So not romance, no. Something far more interesting.

[1] I should be explicit and say that I am not suggesting that ‘margeloth’ should be translated ‘crotch’ here. Those who want Ruth to be pious rightly point out that this is overstepping the text. But the nuance wouldn’t have been lost, surely. Knowing it could be used that way, it seems a stretch to suggest it isn’t used with at least a nod and a wink.



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10 responses to “The Seduction of Boaz – Ruth 3:7-10

  1. auroramere

    Once they reach Israel, Ruth and Naomi aren’t held up as moral exemplars; they’re just trying to provide for themselves in the least immoral way possible. Ruth’s husband apparently having no living brothers who would be obligated to marry her, she needs to appeal to his desire as well as their kinship. But kinship is her explanation. She doesn’t tell him she’s overwhelmed with desire for him. She tells him the truth.
    The moral exemplar bit is Ruth’s willingness to venture into a strange land to stay with her mother-in-law. That’s the bit that goes on the embroidered marriage canopy. Still, wanting to stay alive is no sin.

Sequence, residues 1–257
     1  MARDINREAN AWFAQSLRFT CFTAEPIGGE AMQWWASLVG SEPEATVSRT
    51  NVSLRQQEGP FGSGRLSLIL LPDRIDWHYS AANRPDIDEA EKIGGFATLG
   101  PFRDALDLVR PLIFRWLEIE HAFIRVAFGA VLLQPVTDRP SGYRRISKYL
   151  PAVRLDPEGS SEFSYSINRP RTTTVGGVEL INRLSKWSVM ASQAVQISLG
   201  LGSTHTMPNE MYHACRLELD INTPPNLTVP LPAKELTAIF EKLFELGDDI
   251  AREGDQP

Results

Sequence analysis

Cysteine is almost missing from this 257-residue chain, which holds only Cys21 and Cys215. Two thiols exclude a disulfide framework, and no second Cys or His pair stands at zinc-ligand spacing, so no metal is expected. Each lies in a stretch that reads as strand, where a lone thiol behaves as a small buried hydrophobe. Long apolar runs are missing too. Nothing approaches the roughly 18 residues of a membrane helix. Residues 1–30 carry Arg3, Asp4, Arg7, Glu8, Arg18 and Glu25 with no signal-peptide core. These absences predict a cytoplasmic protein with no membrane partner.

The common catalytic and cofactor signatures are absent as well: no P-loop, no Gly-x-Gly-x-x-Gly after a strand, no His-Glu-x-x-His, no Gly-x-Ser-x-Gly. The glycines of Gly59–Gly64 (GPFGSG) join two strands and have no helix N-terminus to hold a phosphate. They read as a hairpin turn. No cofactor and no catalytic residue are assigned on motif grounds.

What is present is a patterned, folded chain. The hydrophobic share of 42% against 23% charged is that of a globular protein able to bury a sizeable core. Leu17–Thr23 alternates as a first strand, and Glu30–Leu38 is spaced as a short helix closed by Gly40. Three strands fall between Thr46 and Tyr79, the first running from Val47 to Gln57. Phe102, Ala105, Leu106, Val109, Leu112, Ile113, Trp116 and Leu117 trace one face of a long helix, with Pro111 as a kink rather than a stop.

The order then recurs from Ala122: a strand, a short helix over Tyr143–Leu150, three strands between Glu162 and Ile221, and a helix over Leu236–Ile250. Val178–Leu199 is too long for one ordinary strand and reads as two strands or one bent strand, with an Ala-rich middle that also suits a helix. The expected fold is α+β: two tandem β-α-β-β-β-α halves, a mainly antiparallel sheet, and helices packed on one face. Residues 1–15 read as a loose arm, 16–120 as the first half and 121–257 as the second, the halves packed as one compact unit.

2. Ian

    Thanks for the comment, and welcome to the blog!

    I’d go a bit further and say Ruth and Naomi are nowhere moral exemplars.

    “The moral exemplar bit is Ruth’s willingness to venture into a strange land to stay with her mother-in-law. ”

    There is no moral obligation there. It is turned into a moral lesson by preachers, by seeing it as a conversion story. Ruth is to be respected because she was choosing the true God, rather than returning to her pagan lands.

    Seems more likely that we are to read Ruth as a completely ineffectual and weak character: she clings to Naomi, she relies on Naomi to tell her everything she needs to do. As has often been noted, Ruth is barely more than Naomi’s puppet.

    “She doesn’t tell him she’s overwhelmed with desire for him.” There’s no indication of that, at all. Quite the opposite, the whole process is portrayed in very calculated terms.